Every time we did something to you we were all so excited. The new bathroom; the new landscaping. Even just a new door was a thrill because with every little thing, it made our home the best ever. And now we are leaving.

I have to realize that no matter where we go, we will make a new place our home. But it will not be the same as you. People always seem to remember the home they grew up in or the house they raised their family in. And I will. But now it's time to go - it will be the hardest thing I have done in a long time.

I will take my memories with me and hold on to them tightly. I don't know if once I'm gone I will be able to come and see you again; it will make me too sad.

So yes, you will have a new family living here. We feel as though we are betraying you, leaving you to have someone else take care of you. We can only hope that they do half as good a job as we did.

Thank you for being my shelter, my haven. When it's time to say good-bye I hope you give me a sign that I'm doing the right thing.

Have another car drive through the front door? (future blog)

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  • "Have you ever had a really hard time saying goodbye to a home?" Oh, yes. I moved out of my house of 18 years in June 2010, and I still wonder if it was the right thing to do. I moved nearby and I still visit the neighbor across the street, so I have many occasions to see the old place, and I still get melancholy. I got married a few months before and we needed more room. Our new place has that, and we live around the corner from my parents, which is the right place to be right now...but I still can't help feeling sad sometimes. I hope to move back to the old town (which I love) in a few years, because I miss the town as much as the house. Even though we can't move back to the old house, it would be the next best thing.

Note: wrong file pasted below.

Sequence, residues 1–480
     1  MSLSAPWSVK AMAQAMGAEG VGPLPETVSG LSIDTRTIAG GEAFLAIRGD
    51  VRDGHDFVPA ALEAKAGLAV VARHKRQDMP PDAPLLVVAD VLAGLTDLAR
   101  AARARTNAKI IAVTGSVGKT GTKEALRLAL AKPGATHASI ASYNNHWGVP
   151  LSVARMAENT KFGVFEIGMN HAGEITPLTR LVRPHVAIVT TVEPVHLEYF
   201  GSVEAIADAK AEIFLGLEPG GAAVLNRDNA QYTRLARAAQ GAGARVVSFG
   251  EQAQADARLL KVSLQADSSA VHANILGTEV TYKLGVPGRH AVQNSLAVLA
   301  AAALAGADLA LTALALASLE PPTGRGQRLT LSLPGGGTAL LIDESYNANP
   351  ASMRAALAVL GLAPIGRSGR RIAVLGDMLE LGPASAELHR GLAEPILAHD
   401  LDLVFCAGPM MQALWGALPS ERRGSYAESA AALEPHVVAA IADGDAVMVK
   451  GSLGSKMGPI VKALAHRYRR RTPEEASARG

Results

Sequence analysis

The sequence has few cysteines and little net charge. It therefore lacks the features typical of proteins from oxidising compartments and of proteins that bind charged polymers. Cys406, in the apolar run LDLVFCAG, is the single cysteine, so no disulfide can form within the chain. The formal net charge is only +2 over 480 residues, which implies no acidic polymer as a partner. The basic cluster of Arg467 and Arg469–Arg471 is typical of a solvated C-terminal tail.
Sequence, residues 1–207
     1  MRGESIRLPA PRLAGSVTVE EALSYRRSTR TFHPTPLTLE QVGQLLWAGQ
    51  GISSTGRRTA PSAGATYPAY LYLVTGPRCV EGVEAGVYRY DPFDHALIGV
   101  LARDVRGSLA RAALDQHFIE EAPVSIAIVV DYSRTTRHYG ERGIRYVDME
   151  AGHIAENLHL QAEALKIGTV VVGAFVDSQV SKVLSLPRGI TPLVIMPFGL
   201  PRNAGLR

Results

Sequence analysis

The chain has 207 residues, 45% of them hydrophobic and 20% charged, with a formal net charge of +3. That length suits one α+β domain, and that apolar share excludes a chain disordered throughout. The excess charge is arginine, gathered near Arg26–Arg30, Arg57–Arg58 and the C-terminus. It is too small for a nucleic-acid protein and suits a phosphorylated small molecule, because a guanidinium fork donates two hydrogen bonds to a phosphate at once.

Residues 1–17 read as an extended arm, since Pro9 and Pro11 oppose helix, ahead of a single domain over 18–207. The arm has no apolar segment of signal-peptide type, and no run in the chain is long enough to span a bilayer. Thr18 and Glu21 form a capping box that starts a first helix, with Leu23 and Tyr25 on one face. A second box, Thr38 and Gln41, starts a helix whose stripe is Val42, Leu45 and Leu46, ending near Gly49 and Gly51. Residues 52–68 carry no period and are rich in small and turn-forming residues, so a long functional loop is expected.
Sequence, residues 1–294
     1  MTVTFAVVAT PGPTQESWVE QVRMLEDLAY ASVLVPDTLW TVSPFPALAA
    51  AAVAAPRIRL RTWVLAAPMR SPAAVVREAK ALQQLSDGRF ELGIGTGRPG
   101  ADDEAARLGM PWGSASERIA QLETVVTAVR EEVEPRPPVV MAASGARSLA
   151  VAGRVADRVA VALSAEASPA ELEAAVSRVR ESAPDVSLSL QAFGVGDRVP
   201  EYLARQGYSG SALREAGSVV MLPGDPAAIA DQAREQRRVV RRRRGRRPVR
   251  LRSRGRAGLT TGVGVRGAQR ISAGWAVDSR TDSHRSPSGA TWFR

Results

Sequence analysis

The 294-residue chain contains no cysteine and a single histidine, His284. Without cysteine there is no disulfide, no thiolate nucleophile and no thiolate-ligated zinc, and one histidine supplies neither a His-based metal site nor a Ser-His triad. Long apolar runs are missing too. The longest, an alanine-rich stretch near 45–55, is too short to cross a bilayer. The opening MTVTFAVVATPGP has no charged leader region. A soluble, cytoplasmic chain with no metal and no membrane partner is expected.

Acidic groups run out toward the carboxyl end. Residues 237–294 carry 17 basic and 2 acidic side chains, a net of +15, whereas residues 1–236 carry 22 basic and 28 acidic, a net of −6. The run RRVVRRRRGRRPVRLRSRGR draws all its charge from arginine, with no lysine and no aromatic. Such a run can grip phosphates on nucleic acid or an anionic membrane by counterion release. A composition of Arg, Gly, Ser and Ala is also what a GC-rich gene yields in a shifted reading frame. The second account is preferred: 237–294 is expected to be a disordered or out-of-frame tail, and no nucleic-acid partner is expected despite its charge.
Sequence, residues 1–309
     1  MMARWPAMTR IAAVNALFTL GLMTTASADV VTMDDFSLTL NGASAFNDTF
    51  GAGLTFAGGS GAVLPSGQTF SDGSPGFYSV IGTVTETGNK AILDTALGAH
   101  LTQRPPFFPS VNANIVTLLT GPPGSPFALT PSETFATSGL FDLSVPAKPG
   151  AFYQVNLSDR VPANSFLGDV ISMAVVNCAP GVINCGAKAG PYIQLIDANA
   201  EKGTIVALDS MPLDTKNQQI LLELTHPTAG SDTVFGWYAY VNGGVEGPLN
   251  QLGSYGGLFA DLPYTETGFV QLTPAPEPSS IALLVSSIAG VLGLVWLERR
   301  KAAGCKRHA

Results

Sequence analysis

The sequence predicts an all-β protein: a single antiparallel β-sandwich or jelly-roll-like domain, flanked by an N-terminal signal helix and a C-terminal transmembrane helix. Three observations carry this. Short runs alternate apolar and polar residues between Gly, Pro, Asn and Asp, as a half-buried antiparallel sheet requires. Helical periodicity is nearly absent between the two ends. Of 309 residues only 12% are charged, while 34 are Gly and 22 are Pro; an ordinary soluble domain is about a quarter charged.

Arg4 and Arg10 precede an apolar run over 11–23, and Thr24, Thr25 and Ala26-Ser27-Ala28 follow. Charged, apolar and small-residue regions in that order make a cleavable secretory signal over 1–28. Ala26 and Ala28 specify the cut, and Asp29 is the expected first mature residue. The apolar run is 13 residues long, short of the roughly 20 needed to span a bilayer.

• In reply to juliepie628:

    The one thing I won't be sad about is the town. I hope that will make it easier to go. I hope you get your wish to move back to your town; thanks for writing.

  • This makes me sad. The memories will stay with you even when the house is gone.